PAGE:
We designed, supplied and installed a customised fencing solution to contain a small population of Pacific Pocket Mice (Perognathus longimembris pacificus) during a re-introduction project. The mice were previously thought to be extinct in the 1980's until 1993 when a small population were re-discovered in the wild. The San Diego Zoo Institute For Conservation Research have since been working on a captive breeding program in partnership with OC Parks and USFW and are now conducting the first phase of re-introduction into the wild with the help of a bespoke Animex fencing solution. We are so proud to play a part in such an exciting project and we will keep you updated with how the project progresses.


One month after the release, the monitoring study showed the mice were adapting well to their new habitat and were showing signs of reproductive readiness.

Presqu’ile Provincial Park

What did we do?

We supplied permanent multi species exclusion fencing for Parks Canada that was installed along a roadside in the Presqu’ile Provincial Park, Ontario, Canada, targeting Snapping Turtles (Chelydra serpentina) and other reptile and amphibian species. The installation method involved the bottom lip being placed on top of of the ground and then covered with earth and gravel. This installation technique was very swift and effective, allowing the fencing to be in place to help reduce roadkill as quickly as possible.

The fencing on both sides of the roads was connected to a wildlife-crossing culvert that will allow animals to safely travel between these two areas of their habitat.

Potrero Hills, California USA

What did we do?

We installed a permanent exclusion fence for DUDEK to prevent California Tiger Salamanders (Ambystoma californiense) from re-entering an area that was designated to be used as an extension to an existing landfill. 

The previous fencing had deteriorated and was considered redundant so the new low profile Animex will ensure that the salamanders are kept off of the site during the new expansion.

Las Vegas - Nevada, USA

What did we do?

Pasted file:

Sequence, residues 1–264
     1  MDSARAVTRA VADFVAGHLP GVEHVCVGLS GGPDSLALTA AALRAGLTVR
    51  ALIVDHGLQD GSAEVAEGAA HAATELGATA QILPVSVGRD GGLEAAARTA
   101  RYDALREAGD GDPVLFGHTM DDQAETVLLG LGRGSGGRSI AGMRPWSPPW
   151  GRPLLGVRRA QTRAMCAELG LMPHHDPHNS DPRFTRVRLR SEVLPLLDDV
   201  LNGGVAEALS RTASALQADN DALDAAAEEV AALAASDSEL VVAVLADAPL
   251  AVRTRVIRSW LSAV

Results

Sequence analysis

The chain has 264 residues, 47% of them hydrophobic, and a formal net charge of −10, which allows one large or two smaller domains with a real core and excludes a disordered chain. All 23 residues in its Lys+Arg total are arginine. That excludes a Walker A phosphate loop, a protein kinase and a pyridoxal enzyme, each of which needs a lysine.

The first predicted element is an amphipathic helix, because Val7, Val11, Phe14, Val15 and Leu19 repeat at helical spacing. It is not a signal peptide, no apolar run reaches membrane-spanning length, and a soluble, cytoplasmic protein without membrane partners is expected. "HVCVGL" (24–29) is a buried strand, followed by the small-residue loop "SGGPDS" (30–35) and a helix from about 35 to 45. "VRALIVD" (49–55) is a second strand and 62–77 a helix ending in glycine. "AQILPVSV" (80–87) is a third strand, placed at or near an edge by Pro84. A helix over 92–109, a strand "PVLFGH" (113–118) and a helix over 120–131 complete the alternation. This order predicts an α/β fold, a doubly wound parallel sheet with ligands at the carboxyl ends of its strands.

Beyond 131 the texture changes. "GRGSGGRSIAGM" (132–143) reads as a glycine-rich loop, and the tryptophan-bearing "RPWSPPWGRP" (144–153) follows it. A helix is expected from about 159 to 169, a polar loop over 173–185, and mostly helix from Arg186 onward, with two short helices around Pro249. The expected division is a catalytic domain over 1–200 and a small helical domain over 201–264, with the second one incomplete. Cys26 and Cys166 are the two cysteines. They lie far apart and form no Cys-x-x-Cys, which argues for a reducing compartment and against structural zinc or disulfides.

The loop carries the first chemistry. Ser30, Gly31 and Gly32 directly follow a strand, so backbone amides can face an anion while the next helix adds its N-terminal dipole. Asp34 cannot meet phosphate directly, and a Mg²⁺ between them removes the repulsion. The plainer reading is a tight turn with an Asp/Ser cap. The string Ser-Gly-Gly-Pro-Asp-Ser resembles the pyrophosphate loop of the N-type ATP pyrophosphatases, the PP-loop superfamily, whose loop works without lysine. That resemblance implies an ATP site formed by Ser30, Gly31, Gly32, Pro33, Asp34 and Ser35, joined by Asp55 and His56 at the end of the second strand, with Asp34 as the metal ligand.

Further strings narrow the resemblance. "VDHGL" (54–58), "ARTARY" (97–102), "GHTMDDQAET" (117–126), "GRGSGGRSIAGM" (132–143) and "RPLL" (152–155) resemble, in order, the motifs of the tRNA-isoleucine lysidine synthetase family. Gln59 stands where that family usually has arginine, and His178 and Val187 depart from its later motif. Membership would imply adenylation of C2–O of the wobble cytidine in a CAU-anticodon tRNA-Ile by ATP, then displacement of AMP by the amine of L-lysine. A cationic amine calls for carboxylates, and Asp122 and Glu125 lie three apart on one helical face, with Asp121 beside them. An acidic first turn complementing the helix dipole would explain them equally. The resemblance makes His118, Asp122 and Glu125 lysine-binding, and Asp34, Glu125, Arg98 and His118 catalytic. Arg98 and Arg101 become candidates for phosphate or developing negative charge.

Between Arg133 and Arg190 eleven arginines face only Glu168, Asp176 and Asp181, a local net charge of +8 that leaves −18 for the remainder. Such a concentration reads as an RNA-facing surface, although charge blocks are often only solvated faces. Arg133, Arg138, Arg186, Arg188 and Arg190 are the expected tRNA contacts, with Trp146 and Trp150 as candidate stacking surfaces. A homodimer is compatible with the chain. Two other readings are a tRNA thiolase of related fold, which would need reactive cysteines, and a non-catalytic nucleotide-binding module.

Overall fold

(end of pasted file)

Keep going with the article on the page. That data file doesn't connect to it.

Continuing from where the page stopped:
We supplied and supervised the installation of 3000' of low impact temporary Desert Tortoise (Gopherus agassizii) fencing for First Solar in partnership with Ironwood Biological Consulting. The fencing was installed to assist with the capturing and translocation of this federally listed species to clear the site for the construction of a new solar energy plant. Discussions with many contractors and biologists on site revealed that previously specified mesh Desert Tortoise fencing installation methods often damaged large areas of surrounding habitat and had also been found to corrode within a few years of installation.

M271 - Southampton, UK

What did we do?

The project involves a highway expansion and national grocery distribution centre by Stuart Micheal Associates and Lidl Stiftung & Co.

Ecosupport Ltd conducted ecological site assessments and surveys for protected species in and around the areas assigned to be impacted by the development. Part of the mitigation included the installation of 450m of Animex temporary exclusion fencing to prevent any Slow Worms (Angius fragilis) or other reptiles and amphibians from entering the construction zones. Construction is currently underway and due to be completed in 2017.

Lake Simcoe - Ontario, Canada

What did we do?

We supplied and installed a discreet permanent multi-species exclusion fencing along multiple highways for the Lake Simcoe Region Conservation Authority in Ontario, Canada. The installation method involved cutting into the roadside embankment so that it was out of sight for drivers and assisted in water run off from the highway.

We also built some turtle nesting mounds allowing females to lay their eggs safely on their favoured roadside verges. The Animex fencing will prevent the mature females and juveniles from entering the roadside and risk being killed.

Lafayette - California, USA

What did we do?

Road engineering works adjacent to a new housing development. 

We installed a temporary exclusion fence for D R Lemings Construction and Olberding Environmental to prevent Alameda Whip-snake (Masticophis lateralis euryxanthus) and California Red-legged Frog (Rana draytonii) from entering spoil banks associated with the adjacent development. The project is now complete and the Animex fencing is due to be reused on another upcoming project.